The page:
Which is another way of saying there are a host of things that could be done and that they’ve been thought out by planners - in the event there’s a regime collapse in Pyongyang as the result of the - possible - death of Kim Jong Un. Would it go smoothly? No. But there are options that would address many of the issues, and there are smart folks in Seoul - ROK and US folks - who would figure out solutions based on what they know from their detailed studies during the planning.
That said, what might happen if Kim were to die or be clearly unable to rule?
While there are nearly an infinite number of possible outcomes, there are only a few paths that are likely. To begin there are only two options to start: 
- Kim is alive and we go back to whatever you want to call normal in North Korea.
- Kim is either dead or so ill as to be irrelevant. Which leads to:
- His sister or uncle or some other member of the inner circle steps into the leadership role and there is a more or less smooth transfer of power.
- There is no transfer of power but a power struggle between various factions; this might take place “out of sight,” but results in another government. We’ll know about this when the new leader emerges. If the new leader has real control, the regime stabilizes and we have a new leader to deal with. This would require a new start in our dealing with Pyongyang, but would not necessarily further destabilize the peninsula.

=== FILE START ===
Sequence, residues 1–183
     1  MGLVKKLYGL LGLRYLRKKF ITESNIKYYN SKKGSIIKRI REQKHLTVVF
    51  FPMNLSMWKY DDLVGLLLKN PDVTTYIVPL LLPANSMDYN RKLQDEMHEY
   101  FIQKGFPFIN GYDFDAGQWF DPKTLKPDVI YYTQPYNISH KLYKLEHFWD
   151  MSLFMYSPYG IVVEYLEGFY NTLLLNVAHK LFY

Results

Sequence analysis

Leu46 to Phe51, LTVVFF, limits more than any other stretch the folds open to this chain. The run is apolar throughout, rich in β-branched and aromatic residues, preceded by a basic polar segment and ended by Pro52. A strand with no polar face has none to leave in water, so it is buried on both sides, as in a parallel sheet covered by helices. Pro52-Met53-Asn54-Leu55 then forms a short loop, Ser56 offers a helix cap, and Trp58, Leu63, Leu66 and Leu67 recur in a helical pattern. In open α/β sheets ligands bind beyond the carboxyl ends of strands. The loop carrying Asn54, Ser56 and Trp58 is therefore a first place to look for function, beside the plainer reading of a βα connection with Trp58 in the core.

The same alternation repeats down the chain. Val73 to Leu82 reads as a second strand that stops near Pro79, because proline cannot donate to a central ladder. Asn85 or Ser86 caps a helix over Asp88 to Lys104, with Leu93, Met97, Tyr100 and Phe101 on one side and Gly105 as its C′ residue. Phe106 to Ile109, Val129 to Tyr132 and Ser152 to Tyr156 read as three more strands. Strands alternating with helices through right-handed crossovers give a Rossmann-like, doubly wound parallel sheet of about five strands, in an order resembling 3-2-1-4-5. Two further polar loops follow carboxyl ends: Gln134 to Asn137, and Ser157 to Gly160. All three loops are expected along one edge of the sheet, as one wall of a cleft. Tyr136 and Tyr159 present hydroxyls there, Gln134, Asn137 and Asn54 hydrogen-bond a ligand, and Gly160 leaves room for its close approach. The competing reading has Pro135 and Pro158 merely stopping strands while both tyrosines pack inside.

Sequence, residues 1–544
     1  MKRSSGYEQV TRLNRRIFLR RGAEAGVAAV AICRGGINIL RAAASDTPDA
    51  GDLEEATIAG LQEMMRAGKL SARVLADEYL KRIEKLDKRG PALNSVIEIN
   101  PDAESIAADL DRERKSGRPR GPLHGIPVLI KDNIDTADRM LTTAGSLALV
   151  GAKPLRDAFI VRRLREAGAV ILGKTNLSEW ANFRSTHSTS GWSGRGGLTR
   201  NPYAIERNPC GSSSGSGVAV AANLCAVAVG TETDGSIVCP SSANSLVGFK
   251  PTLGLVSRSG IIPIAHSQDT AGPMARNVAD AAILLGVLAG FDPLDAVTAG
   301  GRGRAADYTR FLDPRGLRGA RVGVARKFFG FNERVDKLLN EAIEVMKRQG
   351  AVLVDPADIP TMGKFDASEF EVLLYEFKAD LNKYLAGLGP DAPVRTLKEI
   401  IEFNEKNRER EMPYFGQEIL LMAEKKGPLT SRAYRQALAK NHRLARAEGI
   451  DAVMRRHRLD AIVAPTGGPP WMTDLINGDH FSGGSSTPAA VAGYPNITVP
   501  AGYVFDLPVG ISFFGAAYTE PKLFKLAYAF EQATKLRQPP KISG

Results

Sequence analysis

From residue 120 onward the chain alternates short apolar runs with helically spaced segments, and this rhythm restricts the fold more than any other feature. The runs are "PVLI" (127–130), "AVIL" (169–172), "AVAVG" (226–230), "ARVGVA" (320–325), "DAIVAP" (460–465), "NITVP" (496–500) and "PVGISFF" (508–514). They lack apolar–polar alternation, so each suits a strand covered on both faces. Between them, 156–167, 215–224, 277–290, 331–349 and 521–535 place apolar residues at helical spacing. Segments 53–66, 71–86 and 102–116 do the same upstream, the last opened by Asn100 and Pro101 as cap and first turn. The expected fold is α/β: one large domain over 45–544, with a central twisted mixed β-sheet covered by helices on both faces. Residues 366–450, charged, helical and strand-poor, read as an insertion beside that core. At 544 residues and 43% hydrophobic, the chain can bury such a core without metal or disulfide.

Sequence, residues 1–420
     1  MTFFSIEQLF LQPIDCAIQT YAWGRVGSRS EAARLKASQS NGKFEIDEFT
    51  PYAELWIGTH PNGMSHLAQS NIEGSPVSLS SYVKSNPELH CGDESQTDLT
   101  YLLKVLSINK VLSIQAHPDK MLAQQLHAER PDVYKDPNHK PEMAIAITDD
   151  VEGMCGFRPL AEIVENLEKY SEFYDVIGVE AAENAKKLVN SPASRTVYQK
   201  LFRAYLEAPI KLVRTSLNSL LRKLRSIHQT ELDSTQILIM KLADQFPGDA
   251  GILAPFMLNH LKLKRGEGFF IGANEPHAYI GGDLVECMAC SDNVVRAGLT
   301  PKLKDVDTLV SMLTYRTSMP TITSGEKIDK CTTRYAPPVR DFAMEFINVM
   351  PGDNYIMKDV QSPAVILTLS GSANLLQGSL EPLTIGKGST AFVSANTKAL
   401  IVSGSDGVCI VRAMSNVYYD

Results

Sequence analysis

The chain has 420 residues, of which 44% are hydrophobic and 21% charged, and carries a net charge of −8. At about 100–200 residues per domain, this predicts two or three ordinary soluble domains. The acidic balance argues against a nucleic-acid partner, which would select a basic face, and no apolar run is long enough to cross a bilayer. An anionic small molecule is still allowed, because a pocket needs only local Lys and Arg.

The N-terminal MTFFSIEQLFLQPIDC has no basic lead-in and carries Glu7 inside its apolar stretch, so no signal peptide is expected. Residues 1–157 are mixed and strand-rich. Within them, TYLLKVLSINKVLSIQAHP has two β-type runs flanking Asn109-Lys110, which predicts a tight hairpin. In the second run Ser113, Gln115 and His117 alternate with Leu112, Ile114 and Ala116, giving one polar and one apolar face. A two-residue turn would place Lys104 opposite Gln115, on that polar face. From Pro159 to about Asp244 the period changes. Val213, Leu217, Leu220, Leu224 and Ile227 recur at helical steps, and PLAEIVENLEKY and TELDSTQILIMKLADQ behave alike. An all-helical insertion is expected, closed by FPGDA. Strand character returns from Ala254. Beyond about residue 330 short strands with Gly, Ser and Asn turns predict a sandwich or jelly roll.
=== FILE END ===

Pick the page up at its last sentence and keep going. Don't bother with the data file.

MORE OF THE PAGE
- There isn’t a “smooth” transfer of power but a collapse of control and North Korea sinks into chaos. 
This is the one to worry about. If there’s an internal power struggle and the new leader doesn’t gain real control, then the new government would collapse and again we sink into chaos; the same result as above, just takes a few more steps. What would then happen is really anyone’s guess because much would depend on what China does.
About that: it’s sometimes said China wants North Korea to gain control of the South and then China would have a client state in control and the Americans out of Asia proper. (Still in Japan, but no major ground forces, etc.) 
That may not be true. Beijing is well aware of the history regarding their neighbor. In the past 1500 years Korea has been unified several times. And each time it has turned - rapidly - into a thorn in China’s side, literally and figuratively. Reunifying Korea therefore opens a potential problem on China’s doorstep. Now, the Koreans are focused on each other. But if they’re unified they might turn towards China and the result wouldn’t necessarily be good.